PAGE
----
Fannie Mae, Freddie Mac: Perry Capital v Treasury, FHFA Response
Fairholme is arguing chiefly that the FHFA both was negligent in its role as conservator (did not conserve the assets but began disposing of them) and acted in concert with Treasury in violation of HERA and its role when it enacted the NWS. Fairholme states that because of that, FHFA was NOT acting in its role as regulator but as an arm of the government and then the Net Worth Sweep (NWS) is hence illegal as a 5th Amendment taking and shareholders are entitled to just compensation for the loss of their property (shareholders rights).
Perry is stating that Treasury acted “arbitrarily and capriciously” because its authority to purchase securities in Fannie Mae / Federal National Mortgage Assctn Fnni Me (OTCBB:FNMA) and Freddie Mac / Federal Home Loan Mortgage Corp (OTCBB:FMCC)’s expired in 2009 (the NWS was enacted in 2012) and even if you argue the authority did not expire in 2009, Treasury was required to make “statutorily required determinations upon consideration of statutorily defined criteria” before any alterations to terms and this was not done. Further, FHFA’s acted “arbitrarily and capriciously” as their sole role was to render the Fannie Mae and Freddie Mac’s “sound and solvent and to conserve their assets and property” not begin to dispose of them.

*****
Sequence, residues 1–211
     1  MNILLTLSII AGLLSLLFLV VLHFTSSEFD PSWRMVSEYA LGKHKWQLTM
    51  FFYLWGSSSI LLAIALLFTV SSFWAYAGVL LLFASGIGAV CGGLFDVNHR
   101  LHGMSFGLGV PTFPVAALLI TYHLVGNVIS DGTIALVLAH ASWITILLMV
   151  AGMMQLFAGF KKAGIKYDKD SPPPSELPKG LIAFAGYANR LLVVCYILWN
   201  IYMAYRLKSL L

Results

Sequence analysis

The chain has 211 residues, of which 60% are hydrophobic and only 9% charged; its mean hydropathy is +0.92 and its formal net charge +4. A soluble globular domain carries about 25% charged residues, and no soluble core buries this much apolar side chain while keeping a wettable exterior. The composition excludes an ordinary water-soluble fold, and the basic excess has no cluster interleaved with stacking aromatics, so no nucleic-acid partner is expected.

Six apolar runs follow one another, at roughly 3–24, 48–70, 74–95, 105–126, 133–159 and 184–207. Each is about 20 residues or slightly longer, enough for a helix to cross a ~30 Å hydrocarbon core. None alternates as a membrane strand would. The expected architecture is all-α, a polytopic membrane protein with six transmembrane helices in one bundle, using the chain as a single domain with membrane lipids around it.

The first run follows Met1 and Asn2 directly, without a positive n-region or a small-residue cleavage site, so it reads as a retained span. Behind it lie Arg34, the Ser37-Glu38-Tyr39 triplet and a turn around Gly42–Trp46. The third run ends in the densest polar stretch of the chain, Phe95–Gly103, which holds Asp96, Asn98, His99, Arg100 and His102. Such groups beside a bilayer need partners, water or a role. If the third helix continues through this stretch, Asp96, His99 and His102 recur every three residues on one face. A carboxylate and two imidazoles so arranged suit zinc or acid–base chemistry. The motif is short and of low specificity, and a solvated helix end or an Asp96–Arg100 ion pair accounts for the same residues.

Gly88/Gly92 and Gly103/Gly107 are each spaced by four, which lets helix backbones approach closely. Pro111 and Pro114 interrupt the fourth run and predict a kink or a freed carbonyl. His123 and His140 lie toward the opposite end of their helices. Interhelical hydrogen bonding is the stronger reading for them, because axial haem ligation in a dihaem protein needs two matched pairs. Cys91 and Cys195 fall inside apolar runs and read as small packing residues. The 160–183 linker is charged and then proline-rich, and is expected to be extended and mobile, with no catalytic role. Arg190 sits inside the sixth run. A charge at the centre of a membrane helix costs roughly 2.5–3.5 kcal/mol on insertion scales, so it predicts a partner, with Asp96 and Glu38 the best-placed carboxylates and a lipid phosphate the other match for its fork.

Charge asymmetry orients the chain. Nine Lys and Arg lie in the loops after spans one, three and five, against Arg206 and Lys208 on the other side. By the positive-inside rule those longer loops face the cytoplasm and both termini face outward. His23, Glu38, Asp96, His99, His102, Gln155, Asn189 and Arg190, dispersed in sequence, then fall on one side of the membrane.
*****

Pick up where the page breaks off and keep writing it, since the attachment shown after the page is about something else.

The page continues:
Both similar arguments but different enough to be maintained as separate suits. Oh, Perry’s Attorney is Ted Olson
The government is trying to to have the Judge throw out the Perry suit (motion to dismiss filed) and to “Take Judicial Notice” of certain “facts” in the case and then render a summary judgement in favor of the defendants (gov’t)
Below is Perry’s response to the gov’t motion…
You’ll notice similar features to the work done on behalf of the gov’t from the Fairholme suit discussed yesterday. The gov’t asks for facts to be entered essentially because “we say they are the facts of the case” and then they go about contradicting their own arguments in several places.
This motion for Judicial Notice will be dismissed (plaintiffs will win) and then I’m sure a discovery request will be presented by the plaintiffs like in the Fairholme suit. Again, I expect that to be granted as the Treasury/FHFA arguments for dismissal were the same in both cases and they made the same mistakes (presenting “facts” (that are disputed as fact) outside the scope of the original complaint to support the motion to dismiss) in both filings that basically leave the judge no option but to grant discovery.
Fannie Mae, Freddie Mac: Perry Capital v Treasury, FHFA Response via ValuePlays